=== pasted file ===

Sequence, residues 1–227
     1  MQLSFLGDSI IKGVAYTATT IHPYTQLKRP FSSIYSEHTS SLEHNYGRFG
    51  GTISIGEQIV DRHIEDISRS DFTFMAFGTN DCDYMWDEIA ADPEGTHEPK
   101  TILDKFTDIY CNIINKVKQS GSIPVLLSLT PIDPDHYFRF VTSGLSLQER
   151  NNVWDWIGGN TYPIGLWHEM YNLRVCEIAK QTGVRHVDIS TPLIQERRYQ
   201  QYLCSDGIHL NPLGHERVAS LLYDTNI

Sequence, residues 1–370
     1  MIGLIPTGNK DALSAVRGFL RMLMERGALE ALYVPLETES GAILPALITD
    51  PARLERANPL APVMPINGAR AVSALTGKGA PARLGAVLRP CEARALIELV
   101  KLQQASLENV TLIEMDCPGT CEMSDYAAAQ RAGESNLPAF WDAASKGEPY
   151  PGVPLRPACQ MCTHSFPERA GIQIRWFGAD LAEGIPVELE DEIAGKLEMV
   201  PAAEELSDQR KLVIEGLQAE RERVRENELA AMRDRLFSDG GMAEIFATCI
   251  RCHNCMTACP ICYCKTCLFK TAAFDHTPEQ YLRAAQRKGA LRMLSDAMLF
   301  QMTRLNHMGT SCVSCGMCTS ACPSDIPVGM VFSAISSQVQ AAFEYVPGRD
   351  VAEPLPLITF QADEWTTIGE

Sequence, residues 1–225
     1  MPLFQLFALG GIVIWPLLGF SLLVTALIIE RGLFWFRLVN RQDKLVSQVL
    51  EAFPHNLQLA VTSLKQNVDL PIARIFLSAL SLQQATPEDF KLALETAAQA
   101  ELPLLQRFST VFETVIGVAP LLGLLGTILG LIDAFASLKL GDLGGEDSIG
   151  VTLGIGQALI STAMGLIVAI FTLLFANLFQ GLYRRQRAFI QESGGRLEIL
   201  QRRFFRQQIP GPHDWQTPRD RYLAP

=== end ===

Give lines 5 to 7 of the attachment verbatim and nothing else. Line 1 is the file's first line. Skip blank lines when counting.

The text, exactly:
   151  NNVWDWIGGN TYPIGLWHEM YNLRVCEIAK QTGVRHVDIS TPLIQERRYQ
   201  QYLCSDGIHL NPLGHERVAS LLYDTNI

Sequence, residues 1–370